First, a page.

The last time I spoke with Kameda-san he told me how his inspiration for the company had originally come from aloha shirts. His family has a long history of kimono production but obviously demand for kimono these days isn’t so great. Looking for an alternative, he heard the story of Japanese emigrants to Hawaii who cut up their kimono to create aloha shirts. Kameda-san took the idea and created Pagong, originally producing men’s shirts in cotton or silk. Since the foundation of the company in 2002 it has branched into women’s fashion and women by far make up the majority of Pagong’s clientele. This was clear at the fashion show on Saturday where women outweighed men by about ten to one.

The summer line for Pagong is mostly made up of their usual strong colours and bold designs. New apparel for 2010 included: a striking u-shaped top with a pattern of red, black, white and yellow and a different pattern on the back; a 3/4 sleeve white blouse with Chinese neck-line, printed with blue, black and red chrysanthemums; a v-neck hip-length top with side-tying sash in pastel purple, turquoise and glittering silver; a purple v-neck dress with a bold pattern down one side; and a colourful men’s shirt in pink, blue, green and yellow multiple overlaid designs. Pagong now has three shops in Kyoto – their honten (main shop), a Gion shop and a new shop in Kyoto Station. They also have another brand called Sanjo (the shop is on Sanjo) which favours chiffon dresses and blouses in pastel colours. The new summer line for Sanjo is bright and breezy with floaty long-line tops that made me wish I had much longer legs.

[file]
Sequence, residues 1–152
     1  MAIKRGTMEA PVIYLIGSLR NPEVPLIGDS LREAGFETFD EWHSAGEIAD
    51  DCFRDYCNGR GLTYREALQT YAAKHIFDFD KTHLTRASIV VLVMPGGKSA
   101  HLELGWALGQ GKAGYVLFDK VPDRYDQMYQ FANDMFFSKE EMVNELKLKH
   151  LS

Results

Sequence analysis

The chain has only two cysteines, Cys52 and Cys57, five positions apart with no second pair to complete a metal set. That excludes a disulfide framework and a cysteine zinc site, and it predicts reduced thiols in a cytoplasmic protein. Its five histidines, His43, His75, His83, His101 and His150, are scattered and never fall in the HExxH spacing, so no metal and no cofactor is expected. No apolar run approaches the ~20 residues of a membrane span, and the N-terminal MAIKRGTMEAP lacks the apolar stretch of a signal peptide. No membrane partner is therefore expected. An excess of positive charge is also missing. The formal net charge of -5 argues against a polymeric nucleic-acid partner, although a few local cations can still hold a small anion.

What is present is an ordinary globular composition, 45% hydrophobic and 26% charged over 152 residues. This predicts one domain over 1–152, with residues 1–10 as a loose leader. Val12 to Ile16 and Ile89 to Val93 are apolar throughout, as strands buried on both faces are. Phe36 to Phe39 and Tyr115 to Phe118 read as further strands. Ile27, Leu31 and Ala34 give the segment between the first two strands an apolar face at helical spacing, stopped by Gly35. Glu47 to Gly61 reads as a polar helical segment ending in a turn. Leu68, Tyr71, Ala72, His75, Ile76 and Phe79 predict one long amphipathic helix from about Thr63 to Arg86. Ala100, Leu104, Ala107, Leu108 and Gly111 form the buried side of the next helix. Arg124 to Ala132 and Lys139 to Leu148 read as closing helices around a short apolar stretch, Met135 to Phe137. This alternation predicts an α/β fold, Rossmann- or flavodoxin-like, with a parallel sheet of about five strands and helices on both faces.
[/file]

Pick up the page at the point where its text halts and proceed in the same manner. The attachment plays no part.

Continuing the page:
After the show we were shown around the factory. It’s incredible that Pagong can produce such a large range of clothing and accessories when they only have five people working in the factory. As we watched the artisan making up dye from the powdered pigments, one of the staff explained that if it is out by a gram or two it can ruin the whole batch. Much of the skill for kyo-yuzen 京友禅 (Kyoto dyeing tradition), is the mixing of the dye and the choice of colours for each pattern. Each colour must be laid down separately so the complexity of the pattern and number of colours determines the number of times it has to be printed. Some pieces take more than 20 different colours.